Tip: Buy some adhesive glow in the dark type and put some along your UPS and a power strip running off it (C14 adapters) to illuminate both in the event of a power outage during nighttime hours.

A Supply Of Ramen (Or Tuna)

Yes, really.

From time to time, we all have to skip meals.

Sometimes, we forget to do the shopping when we said we were going to do it.

If you’re in the middle of an important client deliverable — or about to send in a pixel-perfect presentation — then you won’t want the inconvenience of eating to stand in the way of getting the big project bid in.

Keep a few dried goods in your pantry. Try to access them as infrequently as possible and eat better quality food instead.

But it’s always handy to have a few spare meals on hand that can go from in-the-packaging to in-your-body in no time at all.

A Backup Computer (And Router And …. Potentially Everything Else)

My primary computing interface (a desktop). My laptop serves as its backup in the event of hardware failure. Photo: author.

Our backup internet connection should keep us online pretty much always.

We haven’t created five nines (99.999%) enterprise-grade redundancy here.

But for the high availability needs of your typical home-based business user … this should more than suffice. By deploying this setup, I’ve gone from having near daily downtime (what got me interested in this) to almost none at all.

We’ve also invested in software backups so that we can roll our operating system back in time if needs be.

But what about … the computer itself?

If we want to extent the idea of redundancy to its farthest possible reach, then we’d quickly reach the conclusion that we should have “backups” for just about everything we use to work. For instance:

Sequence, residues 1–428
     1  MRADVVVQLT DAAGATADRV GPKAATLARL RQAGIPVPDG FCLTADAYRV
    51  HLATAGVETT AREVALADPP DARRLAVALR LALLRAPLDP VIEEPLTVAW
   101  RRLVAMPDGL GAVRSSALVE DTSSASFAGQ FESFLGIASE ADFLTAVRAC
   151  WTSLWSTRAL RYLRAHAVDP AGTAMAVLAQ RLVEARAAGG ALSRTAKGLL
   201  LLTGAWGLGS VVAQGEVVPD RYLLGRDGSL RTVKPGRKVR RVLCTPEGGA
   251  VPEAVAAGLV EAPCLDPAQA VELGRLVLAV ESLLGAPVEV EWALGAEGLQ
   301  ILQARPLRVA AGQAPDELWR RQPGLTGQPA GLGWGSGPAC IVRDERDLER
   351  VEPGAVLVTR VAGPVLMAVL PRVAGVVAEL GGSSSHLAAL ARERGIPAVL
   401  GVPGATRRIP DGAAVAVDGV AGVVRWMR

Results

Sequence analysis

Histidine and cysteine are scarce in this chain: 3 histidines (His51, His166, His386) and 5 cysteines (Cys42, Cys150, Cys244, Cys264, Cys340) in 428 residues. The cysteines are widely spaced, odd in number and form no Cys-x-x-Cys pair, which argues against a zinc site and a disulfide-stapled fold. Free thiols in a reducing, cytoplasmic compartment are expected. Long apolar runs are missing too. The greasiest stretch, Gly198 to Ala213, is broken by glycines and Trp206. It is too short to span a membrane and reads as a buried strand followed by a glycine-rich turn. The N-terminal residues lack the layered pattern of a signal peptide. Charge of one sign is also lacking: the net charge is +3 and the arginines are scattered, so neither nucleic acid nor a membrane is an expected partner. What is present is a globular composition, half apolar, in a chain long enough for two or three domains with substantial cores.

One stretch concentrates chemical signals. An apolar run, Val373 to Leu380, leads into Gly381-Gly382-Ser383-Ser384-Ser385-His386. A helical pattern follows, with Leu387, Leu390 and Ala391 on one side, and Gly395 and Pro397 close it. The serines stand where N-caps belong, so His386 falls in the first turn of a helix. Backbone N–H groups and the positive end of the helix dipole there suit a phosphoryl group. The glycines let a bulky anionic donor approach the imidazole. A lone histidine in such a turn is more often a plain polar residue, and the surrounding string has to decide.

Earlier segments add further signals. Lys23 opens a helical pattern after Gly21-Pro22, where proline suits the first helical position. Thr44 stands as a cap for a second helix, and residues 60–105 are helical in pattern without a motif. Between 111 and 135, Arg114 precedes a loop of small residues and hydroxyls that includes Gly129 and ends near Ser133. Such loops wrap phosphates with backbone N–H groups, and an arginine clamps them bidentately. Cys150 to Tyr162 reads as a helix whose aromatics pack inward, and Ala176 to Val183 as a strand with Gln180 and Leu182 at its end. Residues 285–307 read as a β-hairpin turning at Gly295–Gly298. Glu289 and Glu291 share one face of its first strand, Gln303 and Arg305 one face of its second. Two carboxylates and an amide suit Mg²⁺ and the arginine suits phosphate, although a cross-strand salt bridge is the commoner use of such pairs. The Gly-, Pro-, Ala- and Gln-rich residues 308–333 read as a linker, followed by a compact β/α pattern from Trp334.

• Our office chair
  • Our office table

However, even dedicated preppers have finite time with which to set up their systems. Most have limited floor space within which to house their gear. And virtually all of us have some kind of budgetary constraint as to how far we can take this.

What I’d suggest, therefore, is to focus on the essentials. Have “backups” on hand for those. And find “second best” solutions for the other things.

For instance: even if you don’t have a spare office table and leather chair at home, you probably have at least a couch you could work on if needs be.

If you use a desktop as your main computing interface, then you could buy backup hardware components. But that would likely prove unwieldy and if (say) a CPU fails, you’ll probably want to avail of the opportunity to buy an updated model.

What I’d recommend, therefore, is contenting yourself with having another computer in the house to work from. My backup computer is my laptop. If you use a laptop day to day, then keep a spare one handy and periodically test it to make sure that it still turns on and is good to go in the event it’s needed.

There’s a whole industry — business continuity planning — that creates backup systems that are designed to ensure the continuous operation of businesses during times of emergency (or at least some of their mission-critical systems and human resources).

If your livelihood depends upon your ability to generate revenue from work that you do at home, then you can step up your own continuity game by ensuring that your most essential systems — your internet connection and your computer — are protected by backup systems.




Daytime: writing for other people. Nighttime: writing for me. Or the other way round. Enjoys: Linux, tech, beer, random things.

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Daniel Rosehill

Daniel Rosehill

Daytime: writing for other people. Nighttime: writing for me. Or the other way round. Enjoys: Linux, tech, beer, random things.